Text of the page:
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Langdon Prison

Maintained by                              

 
 


One of the two remaining buildings from the later Military enlargement of the prison
 

The 20 acres of land on which the prison stood was purchased from the Ecclesiastical Commissioners in 1883, when a Parliamentary Committee recommended that a 520-acre Admiralty harbour should be built on the south-east coast.

Transportation to the Colonies had ended and there was a problem of how to occupy the many prisoners who would previously have been transported.  It was therefore decided that it would be a good idea to build the harbour using convict labour.  A total of 16,000 was granted for the construction of the prison in August of the same year.

Work commenced in early 1884 and was largely complete by April of the following year; the first prisoners arrived in August of that year.   They were never used for the harbour construction, as the 1883 plans were never implemented; instead they spent their time sewing mailbags, making bedding (pillows, bolsters, etc.) and chopping firewood.
 


Level 2 - Exercise area.  Later (1902) Military buildings in background
 

The site is on 4 levels, with 2 long cell blocks: A and B; on level 1.  No visible remains survive of these buildings.  Level 2 comprised the laundry, bath-house and bake-house, and an exercise area.  Some evidence of this building can still be seen.  Level 3 was occupied by block C, which included the solitary confinement cells.  Level 4 housed the infirmary; a 2-story building incorporating: six cells for patients; a surgery for the prison doctor; and accommodation for the hospital staff.  Married quarters for the prison staff were a short distance away on the opposite side of the St Margaret's Road.

The whole was surrounded by a perimeter wall with a gated arch entrance on the western side, facing the town.  It was approached along a short driveway from the St Margaret's Road.

 


Steps leading to Governor's House
 

Outside the wall was the Governor's house; a 3-story, double-fronted house.  It was reached from the west by a sloping drive or by a flight of steps near the gateway on the approach road.  Some evidence of this house can still be seen on the site.

When the prison closed around 1896, with the prisoners being moved to other prisons, there was concern in Parliament that the buildings, erected at a total cost of over 100,000, were unfit for any other purpose.
 


One of the two remaining buildings from the later enlargement of the prison

The site and buildings were handed over to the Army, who re-opened the site as Dover Military Prison in 1901.  At this time a number of changes were made, including the enlarging of the Governor's house, with the addition of a stable block.  Another house was built nearby for the chief warder; some evidence of this house is still visible.  Iron railings were erected around both houses and gardens.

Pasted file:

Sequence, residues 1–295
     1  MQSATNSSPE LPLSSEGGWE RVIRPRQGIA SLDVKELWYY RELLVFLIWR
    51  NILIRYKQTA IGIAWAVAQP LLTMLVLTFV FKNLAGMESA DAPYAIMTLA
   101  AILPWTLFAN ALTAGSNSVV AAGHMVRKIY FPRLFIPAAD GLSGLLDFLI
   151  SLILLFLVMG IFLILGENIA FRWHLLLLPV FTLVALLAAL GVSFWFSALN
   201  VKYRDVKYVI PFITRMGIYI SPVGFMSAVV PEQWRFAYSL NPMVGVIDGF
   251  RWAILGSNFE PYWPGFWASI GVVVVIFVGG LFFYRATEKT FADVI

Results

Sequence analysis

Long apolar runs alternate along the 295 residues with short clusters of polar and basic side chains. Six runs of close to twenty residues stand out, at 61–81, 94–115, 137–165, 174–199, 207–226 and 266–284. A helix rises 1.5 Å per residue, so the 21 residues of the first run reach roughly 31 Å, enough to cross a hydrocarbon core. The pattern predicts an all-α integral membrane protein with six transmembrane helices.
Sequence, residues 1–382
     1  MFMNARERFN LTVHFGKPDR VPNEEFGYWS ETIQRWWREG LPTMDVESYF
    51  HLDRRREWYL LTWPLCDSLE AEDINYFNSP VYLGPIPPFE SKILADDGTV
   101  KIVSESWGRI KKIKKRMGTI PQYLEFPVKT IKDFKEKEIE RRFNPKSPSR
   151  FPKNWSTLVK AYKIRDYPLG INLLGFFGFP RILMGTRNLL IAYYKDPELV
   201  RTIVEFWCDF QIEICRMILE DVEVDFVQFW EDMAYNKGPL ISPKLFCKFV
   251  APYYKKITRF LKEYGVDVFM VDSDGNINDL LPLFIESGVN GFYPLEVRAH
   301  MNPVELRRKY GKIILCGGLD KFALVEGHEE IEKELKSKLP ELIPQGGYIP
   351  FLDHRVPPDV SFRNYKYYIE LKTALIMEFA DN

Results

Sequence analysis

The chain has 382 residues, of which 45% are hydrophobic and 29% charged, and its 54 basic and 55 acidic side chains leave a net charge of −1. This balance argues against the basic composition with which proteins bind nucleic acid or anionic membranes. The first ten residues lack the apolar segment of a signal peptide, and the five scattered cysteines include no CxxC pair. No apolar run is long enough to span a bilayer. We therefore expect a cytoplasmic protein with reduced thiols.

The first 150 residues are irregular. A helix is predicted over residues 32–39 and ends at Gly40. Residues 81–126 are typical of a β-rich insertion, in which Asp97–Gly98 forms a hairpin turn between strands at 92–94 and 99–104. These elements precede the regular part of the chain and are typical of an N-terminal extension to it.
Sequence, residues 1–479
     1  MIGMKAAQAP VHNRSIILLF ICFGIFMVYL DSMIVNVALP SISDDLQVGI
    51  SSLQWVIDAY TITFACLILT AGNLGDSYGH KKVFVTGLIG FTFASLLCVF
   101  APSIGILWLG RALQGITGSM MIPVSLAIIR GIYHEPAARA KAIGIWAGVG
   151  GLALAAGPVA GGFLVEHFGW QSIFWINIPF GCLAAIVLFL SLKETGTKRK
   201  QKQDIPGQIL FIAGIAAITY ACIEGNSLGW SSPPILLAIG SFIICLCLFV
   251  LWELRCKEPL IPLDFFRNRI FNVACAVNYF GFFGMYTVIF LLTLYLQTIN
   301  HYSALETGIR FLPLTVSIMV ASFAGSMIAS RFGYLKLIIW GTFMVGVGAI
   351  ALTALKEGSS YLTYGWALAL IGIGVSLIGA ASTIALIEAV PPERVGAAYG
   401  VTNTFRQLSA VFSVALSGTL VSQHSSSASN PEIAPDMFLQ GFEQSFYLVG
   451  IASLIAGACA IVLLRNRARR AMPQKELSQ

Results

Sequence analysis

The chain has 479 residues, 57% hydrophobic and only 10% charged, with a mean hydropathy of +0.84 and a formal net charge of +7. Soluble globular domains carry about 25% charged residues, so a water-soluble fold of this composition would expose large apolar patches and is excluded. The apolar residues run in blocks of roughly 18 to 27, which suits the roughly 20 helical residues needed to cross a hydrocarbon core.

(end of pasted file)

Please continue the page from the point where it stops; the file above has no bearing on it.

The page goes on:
Remains of Chief Warder's house
 

In 1902, a drill hall and gymnasium were built to the east of level 3 (probably the 2 buildings pictured above) and some time later workshops were built on the lower level to the east of the main cell blocks.  It was by now the largest military prison in the country but, despite this, it was closed in 1908, with prisoners and staff being transferred to Woking.

The outbreak of the Great War (1914-18) saw the site brought back into use as a transit station for soldiers on their way to the Western Front and it was re-named Langdon Barracks.  However, the buildings were not suitable for use as accommodation and it was eventually decided to demolish them and re-use the bricks to build new barracks on the North Fall Meadow below the Castle.  Demolition began with A block in 1924; most of the buildings had been demolished by 1925, leaving just the perimeter wall, the infirmary and some store-houses.

The remaining buildings saw service once more during the 2nd World War, with the Governor's house being used as the headquarters for the AA regiments stationed at nearby Langdon Battery.  The infirmary was used as the Sergeants' Mess.

At the end of the war the site was used as a POW camp for German soldiers awaiting repatriation.  It was finally closed in 1948. 

The buildings were cleared in the 1950s and the land was taken over by Dover District Council as a public open space.  It quickly became a popular site for sight-seers and picnickers on nice sunny days, being situated on a pleasant, sloping spot above the eastern docks.  It was also popular with courting couples, who used to frequent the spot after dark.  It was given to the National Trust in 1988.  There is now a visitor centre where A block used to stand.  Unfortunately, due to the amount of litter and vandalism caused by night-time visitors, the site is now closed at night.


Information on this page is largely derived from a self-guided walk pamphlet available from the National Trust Visitor Centre.

 

Visit the National Trust website for more information on this and other sites maintained by the Trust.